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Alexander, Joseph Addison (24 April 1809–28 January 1860), Presbyterian scholar and minister, was born in Philadelphia, Pennsylvania, the son of Janetta Waddel and Archibald Alexander, a Presbyterian minister. Alexander, who was always called Addison, grew up in Princeton, New Jersey, where in 1812 his father was called to be the first professor at Princeton Theological Seminary. At an early age, Alexander displayed the ability in languages that would make him a marvel throughout his life. By the time he began formal instruction with local tutors, his father had taught him the rudiments of Latin and Greek and also introduced him to Semitic languages. By the time he graduated from the College of New Jersey as a seventeen-year old in 1826, he had read the Koran in Arabic, made considerable progress in Persian and Syriac, and begun the wide-ranging study of contemporary European languages that he never stopped. It was his habit, begun before entering college and continuing to the week of his death, to read the Bible daily in at least six languages. Alexander’s nephew and biographer, Henry Carrington Alexander, concluded that he read, wrote, and spoke Latin, German, French, Italian, Spanish, and Portuguese; that he read without helps and wrote Arabic, Hebrew, Persian, Greek, Romaic, and Chaldean; that he could read Ethiopic, Dutch, Sanskrit, Syriac, Coptic, Danish, Flemish, and Norwegian; and that he knew enough Polish, Swedish, Malay, Hindustani, and Chinese to peruse works in these languages. The linguistic marvel was also a social recluse who never married and who, despite great interest in travel and world affairs, lived contentedly in Princeton as a student and professor his whole life. ...

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Barton, George Aaron (12 November 1859–28 June 1942), Assyriologist and biblical scholar, was born in East Farnham, Quebec, Canada, the son of Daniel Barton, a farmer and blacksmith, and Mary Stevens Bull. He attended the Oakwood Seminary, Poughkeepsie, New York, becoming a minister of the Society of Friends in 1879, and graduated from Haverford College with an A.B. in 1882 and an M.A. in 1885. Around 1883 he moved to Boston, where he worked in insurance for a year, then from 1884 to 1889 taught mathematics and classics at the Friends School in Providence, Rhode Island. In 1884 he married Caroline Brewer Danforth; they adopted one child. In 1889 he entered Harvard Graduate School (M.A. 1890), where he studied Assyriology with David G. Lyon and Semitics and the Bible with Crawford H. Toy and Joseph H. Thayer. In 1891 he received his Ph.D. for a study, “The Semitic Ishtar Cult,” later published in the ...

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Haupt, Paul (25 November 1858–15 December 1926), Assyriologist and biblical scholar, was born in Görlitz, Germany, the son of Carl Gottlieb Haupt, a police officer, and Elise Hülse. He dropped his two original first names, Hermann Hugo, early in life. Graduating from the Gymnasium Augustum in Görlitz, he prepared for a career in music, but after entering the University of Leipzig, he concentrated in Semitic languages. He received his Ph.D. in 1878, under Friedrich Delitzsch; his dissertation was published in 1879 as ...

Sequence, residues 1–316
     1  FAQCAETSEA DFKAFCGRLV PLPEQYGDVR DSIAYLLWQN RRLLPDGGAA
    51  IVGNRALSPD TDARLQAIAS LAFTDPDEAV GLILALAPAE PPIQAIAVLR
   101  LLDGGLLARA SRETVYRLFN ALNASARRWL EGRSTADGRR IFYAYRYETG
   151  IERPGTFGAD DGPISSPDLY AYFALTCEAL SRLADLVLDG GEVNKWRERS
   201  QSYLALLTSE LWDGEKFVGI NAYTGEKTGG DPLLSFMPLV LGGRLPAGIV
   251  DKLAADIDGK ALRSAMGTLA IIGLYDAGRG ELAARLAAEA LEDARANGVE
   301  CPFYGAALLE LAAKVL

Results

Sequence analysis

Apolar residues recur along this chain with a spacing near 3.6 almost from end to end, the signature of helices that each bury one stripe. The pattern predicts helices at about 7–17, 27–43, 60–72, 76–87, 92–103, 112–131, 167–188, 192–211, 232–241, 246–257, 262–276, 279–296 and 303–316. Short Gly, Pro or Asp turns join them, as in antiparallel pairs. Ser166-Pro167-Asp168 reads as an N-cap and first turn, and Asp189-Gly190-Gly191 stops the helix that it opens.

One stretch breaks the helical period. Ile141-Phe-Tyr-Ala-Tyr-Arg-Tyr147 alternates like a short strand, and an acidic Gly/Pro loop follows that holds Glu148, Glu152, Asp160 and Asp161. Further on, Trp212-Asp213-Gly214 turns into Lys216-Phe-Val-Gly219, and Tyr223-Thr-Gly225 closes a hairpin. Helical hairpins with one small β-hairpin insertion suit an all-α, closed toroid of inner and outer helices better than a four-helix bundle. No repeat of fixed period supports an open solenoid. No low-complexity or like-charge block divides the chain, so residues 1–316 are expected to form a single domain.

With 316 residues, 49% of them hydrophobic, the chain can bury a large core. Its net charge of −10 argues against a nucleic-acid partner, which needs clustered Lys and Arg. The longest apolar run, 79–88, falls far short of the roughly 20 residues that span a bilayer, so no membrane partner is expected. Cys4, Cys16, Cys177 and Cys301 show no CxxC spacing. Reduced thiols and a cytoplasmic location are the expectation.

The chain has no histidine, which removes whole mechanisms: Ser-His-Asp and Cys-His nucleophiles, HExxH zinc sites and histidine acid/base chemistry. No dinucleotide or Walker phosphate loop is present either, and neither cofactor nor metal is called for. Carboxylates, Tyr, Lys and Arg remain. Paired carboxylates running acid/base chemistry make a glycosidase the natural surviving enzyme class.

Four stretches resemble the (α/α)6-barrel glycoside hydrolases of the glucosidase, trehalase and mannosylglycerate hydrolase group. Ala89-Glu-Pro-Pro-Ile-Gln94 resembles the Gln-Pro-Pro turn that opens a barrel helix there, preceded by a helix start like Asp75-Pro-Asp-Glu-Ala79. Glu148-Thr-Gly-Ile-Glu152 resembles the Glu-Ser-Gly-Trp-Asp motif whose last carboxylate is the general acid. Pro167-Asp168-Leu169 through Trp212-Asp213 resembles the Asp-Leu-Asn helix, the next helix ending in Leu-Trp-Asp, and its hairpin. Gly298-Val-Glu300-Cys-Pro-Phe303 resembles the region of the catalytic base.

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Morgan, Abel (1673–16 December 1722), Baptist minister, translator, and biblical scholar, was born in Alltgoch, Llanwenog, Cardiganshire, Wales, the son of Morgan ap Rhydderch ap Dafydd, a Baptist pastor; his mother’s name is unknown. Although the details of Morgan’s formal education are obscure, his accomplishments indicate that care was taken, for he followed in the traditions of an uncle, a great-uncle, and a great-grandfather, all of whom were noted as poets, writers, or translators....

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Neumark, David (03 August 1866–15 December 1924), rabbi, Jewish philosopher, and Hebraist, was born in Szczerzec, Galicia, the son of Solomon Neumark, a shopkeeper, and Schifrah Scheutz. He received a traditional Jewish education and attended cheder (a communal Jewish elementary school) at a very young age while simultaneously receiving supplemental Hebraic instruction from his father who was himself a learned Jew. When his father died, Neumark’s mother ran the family store on her own so that her seven-year-old son would be able to continue his Jewish education. After finishing ...

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Salisbury, Edward Elbridge (06 April 1814–05 February 1901), Orientalist, was born in Boston, Massachusetts, the son of Josiah Salisbury, a merchant and clergyman, and Abby Breese. He received his preliminary education at home from his father and later at the Boston Latin School and graduated from Yale in 1832. He remained for the next four years in New Haven, studying Hebrew and theology in preparation for a career as a minister. Under the influence of his teacher ...

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Torrey, Charles Cutler (20 December 1863–12 November 1956), biblical scholar and Semitist, was born at East Hardwick, Vermont, son of Joseph Torrey, Jr., a Congregational clergyman, and Maria Thorpe Noble. In 1884 he graduated from Bowdoin College, where in addition to his studies he was a noted baseball and tennis player. He taught for a year at the Auburn (Maine) High School, then returned to Bowdoin in 1885 as a tutor in Latin, earning an M.A. in 1887. He then entered Andover Theological Seminary where he studied Hebrew, Aramaic, and Arabic with the Semitist and biblical scholar ...